Indian nuclear plants will be able to withstand “extreme natural events” like tsunamis, cyclones, floods and dam breaks, according to a nuclear safety review.
After the Fukushima disaster in Japan, Nuclear Power Corporation of India Limited had set up six taskforces to review safety features in Indian nuclear plants.
“These taskforces have revisited the safety of all nuclear power plants and found that Indian nuclear power reactors have sufficient margins and features in the design to withstand high intensity earthquakes and tsunami,” the government said.
The taskforces also made some recommendations, among them were that reactors will shut down automatically on sensing seismic activity and additional sources of power will be set up, including hook-ups through external sources of power like diesel generators. To factor in a longer duration power cut, the batteries will be augmented. The government is focusing more on keeping the power going in reactors. In Fukushima, loss of the on-site emergency power systems prevented the cooling of the fuel rods. This led to overheating, resulting in hydrogen production and explosion due to a hydrogen fire. These events led to release of radioactivity in Fukushima Daiichi.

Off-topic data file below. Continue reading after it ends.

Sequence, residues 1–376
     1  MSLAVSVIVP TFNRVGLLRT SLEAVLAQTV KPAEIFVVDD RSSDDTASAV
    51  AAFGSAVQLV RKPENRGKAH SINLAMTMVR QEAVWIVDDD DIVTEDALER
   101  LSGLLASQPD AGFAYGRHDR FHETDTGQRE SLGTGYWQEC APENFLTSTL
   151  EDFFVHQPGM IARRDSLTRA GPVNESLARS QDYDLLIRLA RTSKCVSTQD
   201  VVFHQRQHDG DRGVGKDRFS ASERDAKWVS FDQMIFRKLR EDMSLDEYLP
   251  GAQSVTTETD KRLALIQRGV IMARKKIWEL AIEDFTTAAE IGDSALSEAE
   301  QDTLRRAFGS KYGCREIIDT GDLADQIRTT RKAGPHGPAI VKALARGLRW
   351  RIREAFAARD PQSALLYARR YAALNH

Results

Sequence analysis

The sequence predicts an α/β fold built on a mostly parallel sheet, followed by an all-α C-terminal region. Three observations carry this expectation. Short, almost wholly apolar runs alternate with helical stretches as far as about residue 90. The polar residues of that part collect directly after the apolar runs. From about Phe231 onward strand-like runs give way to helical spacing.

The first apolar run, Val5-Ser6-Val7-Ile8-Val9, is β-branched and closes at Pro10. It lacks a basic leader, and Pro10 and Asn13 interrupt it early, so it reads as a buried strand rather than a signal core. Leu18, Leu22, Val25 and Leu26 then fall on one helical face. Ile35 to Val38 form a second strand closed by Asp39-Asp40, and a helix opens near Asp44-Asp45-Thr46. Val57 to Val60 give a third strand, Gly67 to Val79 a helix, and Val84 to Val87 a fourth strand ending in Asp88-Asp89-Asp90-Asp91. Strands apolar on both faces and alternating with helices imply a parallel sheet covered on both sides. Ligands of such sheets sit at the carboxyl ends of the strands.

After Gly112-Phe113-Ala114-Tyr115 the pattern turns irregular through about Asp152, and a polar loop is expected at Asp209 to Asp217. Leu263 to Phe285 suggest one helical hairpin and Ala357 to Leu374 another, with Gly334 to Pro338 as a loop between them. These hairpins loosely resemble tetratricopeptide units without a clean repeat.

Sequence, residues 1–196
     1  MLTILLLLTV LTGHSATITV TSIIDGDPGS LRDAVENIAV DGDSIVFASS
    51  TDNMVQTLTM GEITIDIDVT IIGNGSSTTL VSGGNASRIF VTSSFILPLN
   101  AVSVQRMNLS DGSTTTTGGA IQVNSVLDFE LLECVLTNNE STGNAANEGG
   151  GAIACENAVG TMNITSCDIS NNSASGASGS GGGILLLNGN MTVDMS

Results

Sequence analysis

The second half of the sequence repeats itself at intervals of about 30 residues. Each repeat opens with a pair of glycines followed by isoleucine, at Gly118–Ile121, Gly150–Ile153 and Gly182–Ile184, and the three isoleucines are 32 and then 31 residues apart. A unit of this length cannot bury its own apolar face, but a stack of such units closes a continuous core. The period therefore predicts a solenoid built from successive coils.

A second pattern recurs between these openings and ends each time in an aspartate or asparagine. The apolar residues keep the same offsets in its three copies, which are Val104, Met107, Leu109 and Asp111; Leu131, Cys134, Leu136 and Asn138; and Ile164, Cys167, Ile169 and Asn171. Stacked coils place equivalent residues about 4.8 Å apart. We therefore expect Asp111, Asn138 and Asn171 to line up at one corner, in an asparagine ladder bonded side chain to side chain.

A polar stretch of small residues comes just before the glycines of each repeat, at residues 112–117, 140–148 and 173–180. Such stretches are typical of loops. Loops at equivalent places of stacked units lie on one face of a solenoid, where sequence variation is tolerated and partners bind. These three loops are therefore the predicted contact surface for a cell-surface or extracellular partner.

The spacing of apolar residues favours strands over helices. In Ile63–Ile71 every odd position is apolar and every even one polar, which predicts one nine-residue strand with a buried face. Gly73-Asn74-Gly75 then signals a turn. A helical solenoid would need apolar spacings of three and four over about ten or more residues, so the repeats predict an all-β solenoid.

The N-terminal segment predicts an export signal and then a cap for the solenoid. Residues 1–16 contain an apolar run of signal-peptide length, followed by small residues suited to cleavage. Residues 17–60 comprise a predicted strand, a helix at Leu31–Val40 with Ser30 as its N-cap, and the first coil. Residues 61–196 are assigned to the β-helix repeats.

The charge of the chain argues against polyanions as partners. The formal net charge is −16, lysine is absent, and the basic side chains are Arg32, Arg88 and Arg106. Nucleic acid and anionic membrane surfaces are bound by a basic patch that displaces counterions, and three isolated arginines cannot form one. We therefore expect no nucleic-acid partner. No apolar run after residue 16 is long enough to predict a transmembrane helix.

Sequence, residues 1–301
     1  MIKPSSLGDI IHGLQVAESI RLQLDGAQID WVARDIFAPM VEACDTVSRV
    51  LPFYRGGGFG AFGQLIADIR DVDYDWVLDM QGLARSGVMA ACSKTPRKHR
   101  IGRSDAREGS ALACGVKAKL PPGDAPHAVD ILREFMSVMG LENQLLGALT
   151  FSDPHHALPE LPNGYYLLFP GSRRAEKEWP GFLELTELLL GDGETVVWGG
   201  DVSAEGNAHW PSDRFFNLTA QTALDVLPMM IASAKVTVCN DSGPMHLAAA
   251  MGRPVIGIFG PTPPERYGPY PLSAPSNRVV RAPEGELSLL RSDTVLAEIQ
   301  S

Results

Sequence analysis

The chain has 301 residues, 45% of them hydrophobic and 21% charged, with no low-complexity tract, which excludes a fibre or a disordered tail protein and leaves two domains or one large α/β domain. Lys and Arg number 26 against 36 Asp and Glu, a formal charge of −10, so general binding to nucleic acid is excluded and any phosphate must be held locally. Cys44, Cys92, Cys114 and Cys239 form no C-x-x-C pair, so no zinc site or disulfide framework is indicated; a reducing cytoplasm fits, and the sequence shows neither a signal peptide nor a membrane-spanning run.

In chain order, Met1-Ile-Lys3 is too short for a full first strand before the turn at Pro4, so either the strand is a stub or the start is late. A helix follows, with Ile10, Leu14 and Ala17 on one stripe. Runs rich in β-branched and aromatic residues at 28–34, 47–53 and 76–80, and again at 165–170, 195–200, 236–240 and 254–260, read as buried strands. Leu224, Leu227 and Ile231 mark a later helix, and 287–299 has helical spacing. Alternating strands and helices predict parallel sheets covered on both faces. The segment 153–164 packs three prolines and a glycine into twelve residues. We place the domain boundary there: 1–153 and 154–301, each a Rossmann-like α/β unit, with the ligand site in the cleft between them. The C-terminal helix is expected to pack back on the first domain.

Nuclear plants at Tarapur and Madras atomic power stations will be given additional shore protection measures. Emergency operating procedures are being reviewed and training of personnel increased, the government said.
“Safety is a moving target and its upgradation is an ongoing exercise. The features, systems and procedures are periodically reviewed in the context of operational feedback and continuously evolving safety standards,” the government said. However, India will not review its commitment to nuclear energy, the government clarified.
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